For such base-band lightning detection, a separate low frequency or inductive antenna 131 is in most cases required, and after optional filtering by the low pass filter 112 and after optional amplification or attenuation by the amplifier 113 the received base-band signal is directly fed using the selector switch 150 to the quadrature branch 135, 136 for additional amplification and filtering in the radio path before data conversion by the Q branch ADC 136. The digital output signal 137 from the base-band detection can thereafter be further processed by the lightning detection processing means. The digital output 127 from the higher frequency band detection is simultaneously available for the same processing means in order to extract information about the lightning strike.

An antenna coil similar to 111 in FIG. 11 is shown in FIG. 6 in a more complex form. This antenna coil 61 forms the passive part of an antenna having a 10 kHz center frequency followed by a gain stage 62 in the active part of the antenna. No frequency down-conversion is needed because the bandwidth of the branch in use is sufficient. A pre-amplifier 72 as depicted in FIG. 7 can also be used if only a wire antenna 71 is available, e.g. a wire antenna integrated in the headset of a mobile phone. Here too, the antenna is shown followed by a simple gain stage 72.

The I and Q branches can as well be used so that the bandwidth of the channel filters may be different. This kind of implementation gives more information about the lightning strikes and enables the utilization of the used channels in different detection modes. Large bandwidth for example maximizes the received energy and can advantageously be used for triggering mode. However, a channel with narrower bandwidth enables easier waveform analysis of the signal since the speed requirements of the base-band ADC converters is lower.

To enable a full monolithic integration for power and cost efficiency, the DRM analog front-end uses a homodyne topology, depicted in FIG. 3. The image rejection requirements are much more relaxed, as the intermediate frequency (IF) is zero, the image and the desired signal are the same. The dynamic offset problem caused by self-mixing effects can be digitally regulated with a dynamic DC-offset compensation loop 36 and a similar loop for the other branch. The received antenna 31 signal is preselected with a digitally controlled filter 32 to relax the linearity and the dynamic range requirements of the radio frequency (RF) Automatic Gain Control (AGC) 34. The RF-AGC 34 advantageously utilizes a high-ohmic and low-capacitance input stage so that it does not load the antenna 31.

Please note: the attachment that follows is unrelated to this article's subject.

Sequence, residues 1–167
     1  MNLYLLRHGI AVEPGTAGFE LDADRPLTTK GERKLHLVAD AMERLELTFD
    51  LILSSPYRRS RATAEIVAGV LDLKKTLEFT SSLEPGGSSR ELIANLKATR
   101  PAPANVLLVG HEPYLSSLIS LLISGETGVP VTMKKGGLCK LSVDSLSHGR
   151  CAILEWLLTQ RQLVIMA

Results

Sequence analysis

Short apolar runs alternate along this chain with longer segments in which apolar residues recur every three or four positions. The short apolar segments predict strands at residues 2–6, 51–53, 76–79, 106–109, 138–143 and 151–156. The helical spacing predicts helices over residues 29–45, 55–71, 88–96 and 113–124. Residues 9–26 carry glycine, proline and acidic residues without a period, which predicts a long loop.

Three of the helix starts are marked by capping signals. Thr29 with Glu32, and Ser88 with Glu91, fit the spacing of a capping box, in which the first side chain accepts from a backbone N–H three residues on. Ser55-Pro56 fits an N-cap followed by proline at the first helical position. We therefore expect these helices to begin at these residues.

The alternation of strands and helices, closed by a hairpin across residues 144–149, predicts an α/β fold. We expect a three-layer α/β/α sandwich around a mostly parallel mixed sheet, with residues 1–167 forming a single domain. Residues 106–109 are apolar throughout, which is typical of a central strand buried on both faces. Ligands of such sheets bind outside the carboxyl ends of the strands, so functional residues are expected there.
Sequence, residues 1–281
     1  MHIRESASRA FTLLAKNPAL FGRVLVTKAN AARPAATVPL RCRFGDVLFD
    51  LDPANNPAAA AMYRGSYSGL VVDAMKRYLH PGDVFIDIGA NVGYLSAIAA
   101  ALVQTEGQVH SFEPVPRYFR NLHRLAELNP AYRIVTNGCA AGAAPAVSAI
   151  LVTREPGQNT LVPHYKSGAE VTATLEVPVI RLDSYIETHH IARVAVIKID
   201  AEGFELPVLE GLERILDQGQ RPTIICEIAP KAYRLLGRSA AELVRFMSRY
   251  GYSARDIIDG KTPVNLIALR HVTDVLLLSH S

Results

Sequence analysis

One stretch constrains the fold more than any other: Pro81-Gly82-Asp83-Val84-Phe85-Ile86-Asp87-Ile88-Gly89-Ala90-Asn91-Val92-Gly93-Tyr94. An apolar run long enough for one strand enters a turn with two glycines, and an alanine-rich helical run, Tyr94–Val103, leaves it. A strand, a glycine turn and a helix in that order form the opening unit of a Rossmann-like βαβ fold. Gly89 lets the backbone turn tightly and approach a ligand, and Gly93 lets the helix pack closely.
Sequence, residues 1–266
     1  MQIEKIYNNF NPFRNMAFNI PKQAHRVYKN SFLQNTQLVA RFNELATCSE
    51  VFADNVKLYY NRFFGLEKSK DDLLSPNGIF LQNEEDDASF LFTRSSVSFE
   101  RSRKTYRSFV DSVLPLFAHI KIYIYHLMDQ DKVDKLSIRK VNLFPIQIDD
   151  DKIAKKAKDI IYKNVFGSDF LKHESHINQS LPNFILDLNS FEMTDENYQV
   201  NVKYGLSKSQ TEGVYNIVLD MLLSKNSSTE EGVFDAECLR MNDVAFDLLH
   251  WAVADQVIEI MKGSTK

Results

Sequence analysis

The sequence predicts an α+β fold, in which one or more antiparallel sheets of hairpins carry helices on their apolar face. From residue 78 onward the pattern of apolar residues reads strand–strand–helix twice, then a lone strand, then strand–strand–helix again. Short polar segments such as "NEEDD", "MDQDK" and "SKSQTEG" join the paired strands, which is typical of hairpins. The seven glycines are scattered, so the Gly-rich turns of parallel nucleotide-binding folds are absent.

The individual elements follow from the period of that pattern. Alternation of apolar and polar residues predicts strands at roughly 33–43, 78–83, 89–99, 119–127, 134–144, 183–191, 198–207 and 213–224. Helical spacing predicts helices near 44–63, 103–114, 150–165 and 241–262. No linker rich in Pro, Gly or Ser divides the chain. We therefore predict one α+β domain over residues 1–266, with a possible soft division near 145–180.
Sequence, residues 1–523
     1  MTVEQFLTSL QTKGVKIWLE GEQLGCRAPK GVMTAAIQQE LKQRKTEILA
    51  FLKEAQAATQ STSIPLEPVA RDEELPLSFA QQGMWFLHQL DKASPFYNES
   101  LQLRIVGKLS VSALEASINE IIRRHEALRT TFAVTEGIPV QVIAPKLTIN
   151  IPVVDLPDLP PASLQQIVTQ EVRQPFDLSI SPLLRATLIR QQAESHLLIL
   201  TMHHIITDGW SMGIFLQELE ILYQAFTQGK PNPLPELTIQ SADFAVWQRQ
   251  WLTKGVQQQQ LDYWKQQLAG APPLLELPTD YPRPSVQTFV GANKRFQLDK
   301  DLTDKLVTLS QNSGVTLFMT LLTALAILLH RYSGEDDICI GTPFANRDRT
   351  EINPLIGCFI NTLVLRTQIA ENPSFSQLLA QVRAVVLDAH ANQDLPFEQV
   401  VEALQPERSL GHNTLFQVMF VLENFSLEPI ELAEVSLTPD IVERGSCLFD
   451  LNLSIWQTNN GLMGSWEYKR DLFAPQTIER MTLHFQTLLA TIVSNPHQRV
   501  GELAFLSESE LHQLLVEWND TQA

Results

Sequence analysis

A fractional-N counter 33 Phase Locked Loop (PLL) based controller is used to generate the needed variable local oscillator signals LO-I and LO-Q in FIG. 3 for channel selection over the whole DRM frequency band. The PLL 33 output signal is first divided by a factor of two by the output counter 35 in order to provide symmetrical outputs for each branch mixer and ensure correct gain and phase quadrature signals for the down-conversion mixing.

In each of the two base-band branches a channel low pass filter is used with an additional AGC before the ΔΣ-ADC converter converts the DRM signal into digital form as the BB-I from the in-phase branch and as the BB-Q signal from the quadrature branch and these two digital signals are outputted to the hardware accelerator of the digital base-band part of the DRM receiver

The digital base-band part consists of a hardware accelerator 22 in FIG. 2 for complex signal processing tasks, having its own local RAM memory and an embedded processor means 25, i.e. an ARM microprocessor, to run a dedicated AM base-band application software 23 and to control the data flow. Typically the DRM application software is stored in a nonvolatile memory 23 and run with the help of the main RAM memory 26 of the processing means 25.